These policies must be designed in close cooperation with — and with early involvement from — manufacturers, in order to avoid multiple systems working in parallel, and the multiplication of country stockpiling requirements.

Different parts of the medicines sector face different issues and require different solutions, as well as a multifaceted approach, addressing the root causes of shortage, with partners working together to build trust and increase transparency in the whole supply chain.

In a world characterized by uncertainty and global insecurity, diversifying and limiting restrictions in supply chains mitigates risk.

In a world characterized by uncertainty and global insecurity, diversifying and limiting restrictions in supply chains mitigates risk. That means supporting open global supply chains, creating alliances with strategic partners with common interests, and thus creating the conditions in Europe for life-sciences manufacturing to flourish.

This should include solidarity agreements between EU countries that would allow for transfer of critical medicines during stockouts, and the consistent use of electronic patient information to accelerate allocation of supplies to countries in need.

Using data and new technology to improve transparency of supply chains

Europe is not using the data at its fingertips to manage supply and mitigate shortages. We need better visibility of the available stocks of medicines throughout the supply chains, in an integrated system.

The European Medicines Verification System (EMVS) data repositories, set up in the context of the EU Falsified Medicines Directive to prevent and monitor shortages, are critical.

EMVS data has the potential to follow when — and how — medicinal products are placed on different markets, as well as the rate of consumption at national level.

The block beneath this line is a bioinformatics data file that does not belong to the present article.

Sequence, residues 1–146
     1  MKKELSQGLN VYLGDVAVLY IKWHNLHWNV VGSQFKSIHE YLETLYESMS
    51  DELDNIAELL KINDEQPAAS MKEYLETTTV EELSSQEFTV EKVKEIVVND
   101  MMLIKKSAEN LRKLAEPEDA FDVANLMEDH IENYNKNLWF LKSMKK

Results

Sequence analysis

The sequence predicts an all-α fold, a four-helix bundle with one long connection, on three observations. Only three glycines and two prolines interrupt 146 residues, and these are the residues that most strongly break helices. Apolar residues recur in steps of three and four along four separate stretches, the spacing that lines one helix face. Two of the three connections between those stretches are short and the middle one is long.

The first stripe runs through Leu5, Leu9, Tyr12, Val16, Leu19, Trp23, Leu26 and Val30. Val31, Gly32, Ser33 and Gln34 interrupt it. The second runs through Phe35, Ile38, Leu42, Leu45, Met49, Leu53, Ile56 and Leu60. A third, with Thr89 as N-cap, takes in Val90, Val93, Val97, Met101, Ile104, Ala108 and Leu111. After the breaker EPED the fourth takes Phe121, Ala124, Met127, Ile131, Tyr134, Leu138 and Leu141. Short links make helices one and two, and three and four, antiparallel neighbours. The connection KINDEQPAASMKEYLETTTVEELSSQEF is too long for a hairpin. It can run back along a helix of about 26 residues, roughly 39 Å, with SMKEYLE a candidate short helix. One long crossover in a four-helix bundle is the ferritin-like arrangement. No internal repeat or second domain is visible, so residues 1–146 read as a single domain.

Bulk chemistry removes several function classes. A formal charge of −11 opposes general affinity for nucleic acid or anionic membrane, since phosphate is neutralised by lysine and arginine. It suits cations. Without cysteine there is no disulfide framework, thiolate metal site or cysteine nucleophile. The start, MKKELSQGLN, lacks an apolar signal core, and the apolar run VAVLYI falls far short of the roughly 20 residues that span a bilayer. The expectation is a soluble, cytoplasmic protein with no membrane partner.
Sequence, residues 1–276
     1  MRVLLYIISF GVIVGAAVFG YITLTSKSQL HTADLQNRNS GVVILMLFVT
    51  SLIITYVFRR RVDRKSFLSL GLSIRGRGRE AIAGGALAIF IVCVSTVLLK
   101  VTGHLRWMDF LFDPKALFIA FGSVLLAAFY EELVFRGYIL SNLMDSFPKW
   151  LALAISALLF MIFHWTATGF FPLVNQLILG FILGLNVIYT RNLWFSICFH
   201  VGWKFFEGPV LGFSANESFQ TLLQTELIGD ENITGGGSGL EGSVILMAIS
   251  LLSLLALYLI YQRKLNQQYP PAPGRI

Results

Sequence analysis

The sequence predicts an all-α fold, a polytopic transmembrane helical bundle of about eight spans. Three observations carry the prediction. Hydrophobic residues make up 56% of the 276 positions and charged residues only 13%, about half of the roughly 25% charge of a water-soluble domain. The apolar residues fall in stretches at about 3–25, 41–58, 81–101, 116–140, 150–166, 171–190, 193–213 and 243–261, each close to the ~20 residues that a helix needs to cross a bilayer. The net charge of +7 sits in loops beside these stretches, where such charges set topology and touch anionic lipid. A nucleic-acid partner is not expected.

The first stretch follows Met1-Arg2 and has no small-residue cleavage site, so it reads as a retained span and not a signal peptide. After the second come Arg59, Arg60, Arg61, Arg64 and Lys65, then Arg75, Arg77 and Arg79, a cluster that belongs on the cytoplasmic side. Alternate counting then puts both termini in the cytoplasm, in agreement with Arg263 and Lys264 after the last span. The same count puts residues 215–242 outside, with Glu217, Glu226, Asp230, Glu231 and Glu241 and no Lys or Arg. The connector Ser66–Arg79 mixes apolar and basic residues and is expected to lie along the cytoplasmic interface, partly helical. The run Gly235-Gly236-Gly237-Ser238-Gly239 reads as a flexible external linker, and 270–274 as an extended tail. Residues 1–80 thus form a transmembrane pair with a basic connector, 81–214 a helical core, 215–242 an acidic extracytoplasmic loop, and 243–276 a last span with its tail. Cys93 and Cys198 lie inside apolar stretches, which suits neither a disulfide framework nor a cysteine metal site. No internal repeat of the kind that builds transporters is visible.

The confidential use and analysis of this data by competent authorities would bring a better understanding of the root causes of shortages, to develop adequate responses to a specific situation.

The data stored in the National Medicines Verification Systems would provide intelligence about packs of prescription products supplied by manufacturers in the EU countries, the number of packs dispensed in national pharmacies, number of packs exported and imported, as well as the level of stocks present in the supply chain at country level.  The real-time information can be analyzed according to granular time frames, as well as per region.

This wealth of data would facilitate the detection and mitigation using every tool available to protect patient safety and public health.

This wealth of data would facilitate the detection and mitigation using every tool available to protect patient safety and public health.

Increased understanding of patient demand, through timely epidemiological data is also vital: the European Centre for Disease Control can provide the modelling data covering patient needs and hospital capacity in the member states.

Actions to prevent and mitigate shortages must be differentiated; a one-size-fits-all solution will not succeed. Action will be most efficient if organized and coordinated at EU level, avoiding the multiplication of uncoordinated measures adding complexity to the system. Companies run global supply chains; a coordinated process across EU countries would be most effective in ensuring they continue to run smoothly.

Taken together these actions will help achieve the joint goals of a competitive and resilient Europe, and ensure patients continue to get access to the medicines they need, wherever they are in Europe.

  1. IQVIA, October 2023